UAS solutions have been widely accepted by power utilities and renewable energy companies in many countries like Australia, Canada, the People’s Republic of China (PRC), Spain, the United Kingdom, and the United States particularly by power companies running tens of thousands of kilometers of transmission lines. The national grid in England and Wales has been using six drones for the past 2 years to help inspect its 7,200 miles of overhead lines (Vaughan 2018). Duke Energy of North Carolina in the US, is using drones to conduct infrared equipment inspections, survey storm damage, and inspect tall structures.

Drone-related startups are also emerging in some of the developing economies and the commercial use of drones is experiencing exponential growth in many sectors. In India, the drone has been seen applied in many civilian sectors for aerial photography; survey and mapping; reconnaissance and surveillance; and inspection of transmission towers. (Amazon 2014). Indonesia has been using drones since 2014 for various purposes, such as fire spot identification in forests, coastline delineation, and surveillance of oil palm plantations. Drones have also been utilized in towns of the Philippines to spray fertilizer on vegetable farms located on mountain slopes (Malasig 2018). Drones are also used in other sectors like telecoms, insurance, transport, and logistics.

As the capacity continues to grow, the broader will be the expansion of the industry application. Equipped with hundreds of drones, China Southern Power Grid Company inspected more than 500,000 km of transmission lines in 2019 (CSG 2019). With new tools, 60% of the inspection personnel were mobilized to support operations. This enhanced the overall maintenance capabilities, efficiency, and responsiveness of the team. The UAS application in the energy sector has been tested successfully in some countries. Yet, it is not widely recognized and applied in most ADB DMCs. Duplicating these UAS applications bring similar benefits including safety, efficiency, and reliability.

UAS applications in power utilities

 An unmanned aircraft system (UAS) includes a drone, a ground-based controller, and a communications system between the two. There are many types of drones, which can be categorized into small, medium, and large in terms of weight; and fixed-wing, and rotary-wing drones in terms of wing type. The load capacities, speeds, and flying ranges are varied depending on the size and type. The selection of which type of drone to use will have to meet the requirements for a specific inspection. The performance is shown in Table 1.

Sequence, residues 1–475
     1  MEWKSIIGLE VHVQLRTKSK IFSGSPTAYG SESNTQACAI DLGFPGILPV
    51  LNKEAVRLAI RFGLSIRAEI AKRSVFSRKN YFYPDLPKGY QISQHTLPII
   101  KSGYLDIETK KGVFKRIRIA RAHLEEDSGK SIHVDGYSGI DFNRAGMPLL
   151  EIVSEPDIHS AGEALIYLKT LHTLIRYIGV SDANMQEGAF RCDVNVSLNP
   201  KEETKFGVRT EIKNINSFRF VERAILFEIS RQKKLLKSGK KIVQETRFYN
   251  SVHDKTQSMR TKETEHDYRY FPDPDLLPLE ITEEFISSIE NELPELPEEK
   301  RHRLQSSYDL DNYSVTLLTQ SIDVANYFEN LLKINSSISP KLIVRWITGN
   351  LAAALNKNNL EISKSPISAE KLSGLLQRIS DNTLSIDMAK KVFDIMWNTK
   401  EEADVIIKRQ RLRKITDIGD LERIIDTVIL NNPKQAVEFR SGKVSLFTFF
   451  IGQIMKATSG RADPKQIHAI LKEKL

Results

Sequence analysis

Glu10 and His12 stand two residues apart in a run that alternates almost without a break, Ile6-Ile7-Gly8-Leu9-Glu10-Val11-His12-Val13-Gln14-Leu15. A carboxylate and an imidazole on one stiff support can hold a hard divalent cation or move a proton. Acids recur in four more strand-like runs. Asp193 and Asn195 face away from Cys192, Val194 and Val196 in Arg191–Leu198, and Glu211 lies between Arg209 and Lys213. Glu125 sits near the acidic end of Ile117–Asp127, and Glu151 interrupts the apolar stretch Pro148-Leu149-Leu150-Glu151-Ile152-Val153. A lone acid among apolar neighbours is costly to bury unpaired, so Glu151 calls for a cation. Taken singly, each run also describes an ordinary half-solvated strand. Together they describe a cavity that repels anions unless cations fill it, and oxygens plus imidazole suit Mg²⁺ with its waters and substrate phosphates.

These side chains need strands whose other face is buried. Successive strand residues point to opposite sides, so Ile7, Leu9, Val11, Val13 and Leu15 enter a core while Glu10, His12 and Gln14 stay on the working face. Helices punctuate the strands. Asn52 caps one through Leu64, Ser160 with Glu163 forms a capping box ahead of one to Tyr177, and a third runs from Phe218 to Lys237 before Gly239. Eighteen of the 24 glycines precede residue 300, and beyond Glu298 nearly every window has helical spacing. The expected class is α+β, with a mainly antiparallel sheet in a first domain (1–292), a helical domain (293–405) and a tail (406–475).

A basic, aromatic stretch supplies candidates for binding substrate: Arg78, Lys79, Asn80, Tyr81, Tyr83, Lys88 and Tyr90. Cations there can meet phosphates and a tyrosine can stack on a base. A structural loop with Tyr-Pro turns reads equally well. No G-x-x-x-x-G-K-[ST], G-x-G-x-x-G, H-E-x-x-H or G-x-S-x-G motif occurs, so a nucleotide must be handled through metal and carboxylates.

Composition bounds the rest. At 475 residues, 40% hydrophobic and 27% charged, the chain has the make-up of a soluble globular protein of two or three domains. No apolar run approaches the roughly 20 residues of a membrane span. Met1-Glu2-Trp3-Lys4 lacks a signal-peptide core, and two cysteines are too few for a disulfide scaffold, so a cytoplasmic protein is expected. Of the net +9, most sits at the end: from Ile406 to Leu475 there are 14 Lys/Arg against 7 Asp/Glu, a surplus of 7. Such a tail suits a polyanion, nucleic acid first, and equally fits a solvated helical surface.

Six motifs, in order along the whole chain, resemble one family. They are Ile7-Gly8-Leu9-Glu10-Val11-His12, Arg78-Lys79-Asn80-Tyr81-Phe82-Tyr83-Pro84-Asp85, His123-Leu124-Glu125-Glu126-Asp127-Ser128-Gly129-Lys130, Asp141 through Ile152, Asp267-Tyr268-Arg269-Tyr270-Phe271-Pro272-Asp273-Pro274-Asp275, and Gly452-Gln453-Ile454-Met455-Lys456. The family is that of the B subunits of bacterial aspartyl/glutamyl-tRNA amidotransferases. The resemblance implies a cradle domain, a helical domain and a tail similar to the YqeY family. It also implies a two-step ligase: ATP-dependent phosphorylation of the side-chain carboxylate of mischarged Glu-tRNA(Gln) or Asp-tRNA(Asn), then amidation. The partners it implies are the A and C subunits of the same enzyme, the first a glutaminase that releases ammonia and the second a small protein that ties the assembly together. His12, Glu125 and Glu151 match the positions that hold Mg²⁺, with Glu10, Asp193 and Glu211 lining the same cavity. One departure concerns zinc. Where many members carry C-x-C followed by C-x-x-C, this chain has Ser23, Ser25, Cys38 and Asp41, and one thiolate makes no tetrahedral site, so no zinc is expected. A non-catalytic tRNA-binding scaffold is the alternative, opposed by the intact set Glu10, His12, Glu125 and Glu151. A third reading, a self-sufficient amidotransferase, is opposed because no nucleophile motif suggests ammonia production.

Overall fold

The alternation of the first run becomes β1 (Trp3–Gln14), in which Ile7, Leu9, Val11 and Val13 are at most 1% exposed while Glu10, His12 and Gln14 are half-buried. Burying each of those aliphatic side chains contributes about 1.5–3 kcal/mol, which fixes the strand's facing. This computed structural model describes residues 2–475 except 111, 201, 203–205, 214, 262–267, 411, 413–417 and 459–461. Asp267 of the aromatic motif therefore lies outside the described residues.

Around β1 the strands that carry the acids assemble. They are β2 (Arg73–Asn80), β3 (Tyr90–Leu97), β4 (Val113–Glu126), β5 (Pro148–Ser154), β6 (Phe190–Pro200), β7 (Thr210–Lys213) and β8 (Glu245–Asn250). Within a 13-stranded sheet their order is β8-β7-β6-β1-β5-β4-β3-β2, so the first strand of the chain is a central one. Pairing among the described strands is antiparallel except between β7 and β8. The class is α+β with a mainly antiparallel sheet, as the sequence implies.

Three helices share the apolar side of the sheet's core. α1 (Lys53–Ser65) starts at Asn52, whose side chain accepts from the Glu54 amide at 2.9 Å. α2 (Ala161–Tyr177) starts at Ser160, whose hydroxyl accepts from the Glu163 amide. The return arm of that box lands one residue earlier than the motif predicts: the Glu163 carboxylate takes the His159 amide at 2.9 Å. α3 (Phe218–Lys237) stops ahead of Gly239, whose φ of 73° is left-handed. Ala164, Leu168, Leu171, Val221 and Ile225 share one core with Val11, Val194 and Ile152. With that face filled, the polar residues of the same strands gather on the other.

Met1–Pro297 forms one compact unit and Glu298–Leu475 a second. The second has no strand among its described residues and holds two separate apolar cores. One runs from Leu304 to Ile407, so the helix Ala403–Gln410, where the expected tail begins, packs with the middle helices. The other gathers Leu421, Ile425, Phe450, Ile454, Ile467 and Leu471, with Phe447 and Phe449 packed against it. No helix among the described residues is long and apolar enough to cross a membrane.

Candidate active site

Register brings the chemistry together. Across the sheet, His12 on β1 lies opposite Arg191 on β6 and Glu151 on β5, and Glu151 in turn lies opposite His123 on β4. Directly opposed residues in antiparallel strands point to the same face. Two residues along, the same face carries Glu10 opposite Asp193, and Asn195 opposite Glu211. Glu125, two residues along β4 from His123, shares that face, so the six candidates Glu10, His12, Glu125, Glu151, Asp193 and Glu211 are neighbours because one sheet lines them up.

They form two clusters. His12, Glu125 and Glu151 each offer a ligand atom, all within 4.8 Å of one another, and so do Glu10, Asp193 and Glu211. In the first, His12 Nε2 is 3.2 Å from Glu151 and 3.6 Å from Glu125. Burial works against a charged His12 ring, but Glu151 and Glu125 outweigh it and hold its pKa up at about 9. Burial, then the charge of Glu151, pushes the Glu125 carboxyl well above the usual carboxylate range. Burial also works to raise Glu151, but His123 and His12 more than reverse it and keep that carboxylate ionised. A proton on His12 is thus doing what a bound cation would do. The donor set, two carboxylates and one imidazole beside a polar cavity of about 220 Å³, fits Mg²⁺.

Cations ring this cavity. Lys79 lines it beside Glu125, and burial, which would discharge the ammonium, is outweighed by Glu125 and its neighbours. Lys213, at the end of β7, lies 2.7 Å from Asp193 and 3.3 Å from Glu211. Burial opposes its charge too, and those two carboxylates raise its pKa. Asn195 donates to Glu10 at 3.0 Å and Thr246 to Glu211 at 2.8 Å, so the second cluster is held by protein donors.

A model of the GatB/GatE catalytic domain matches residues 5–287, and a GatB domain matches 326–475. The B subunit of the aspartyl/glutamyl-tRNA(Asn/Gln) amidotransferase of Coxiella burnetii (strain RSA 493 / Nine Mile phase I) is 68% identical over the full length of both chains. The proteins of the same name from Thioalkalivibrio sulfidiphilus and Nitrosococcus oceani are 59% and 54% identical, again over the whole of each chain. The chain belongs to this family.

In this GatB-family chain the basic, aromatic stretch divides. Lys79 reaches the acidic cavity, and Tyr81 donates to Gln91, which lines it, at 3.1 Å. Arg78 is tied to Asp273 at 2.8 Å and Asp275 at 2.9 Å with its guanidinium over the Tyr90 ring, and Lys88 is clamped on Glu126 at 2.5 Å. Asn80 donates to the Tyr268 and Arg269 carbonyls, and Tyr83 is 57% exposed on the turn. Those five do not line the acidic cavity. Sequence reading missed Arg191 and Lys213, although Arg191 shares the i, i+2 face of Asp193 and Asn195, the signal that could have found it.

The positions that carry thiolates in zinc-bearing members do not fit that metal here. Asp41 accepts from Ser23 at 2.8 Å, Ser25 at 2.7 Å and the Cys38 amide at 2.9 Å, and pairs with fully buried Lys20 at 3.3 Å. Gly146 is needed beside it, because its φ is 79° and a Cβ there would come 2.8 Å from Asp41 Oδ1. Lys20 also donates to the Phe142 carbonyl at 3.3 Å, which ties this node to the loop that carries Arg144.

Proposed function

Today, UAS are selected and deployed subject to inspection scenarios. The commonly used quadrotor or multirotor drones are capable of precise flying and hovering for detailed tower examination, while fixed-wing drones are often designed for long-range line route inspection. However, this is not always the case. A large size rotary drone is capable of both long-distance and detailed inspection.

Regarding the inspection requirements, UAS is equipped with different sensors and cameras to take visual, infrared, or ultraviolet images to detect various types of faults or defects. The visible light camera is the primary equipment to take clear and sharp images for components and parts of power lines. The inspection often requires higher resolution and better optical zoom functions.

Defects can be snapshotted such as broken wires, loose bolts, damaged insulators, pollution flashover or damper deformation, etc. The infrared camera mainly serves as the thermal detector for overheated fittings or parts due to its mechanical or mounting defects. It can also be used to monitor wildfires along line corridors. The ultraviolet camera is used for examining the discharge by detecting corona or arc happening on the conductors, insulators, or fittings. Light Detection and Ranging (LiDAR) is another essential equipment for inspection and survey. The equipment with laser light can measure distance, make high-resolution maps and build 3D models. LiDAR and drones are perfectly fitted for the survey and mapping of the long-distance transmission corridor.

The original report can be accessed here.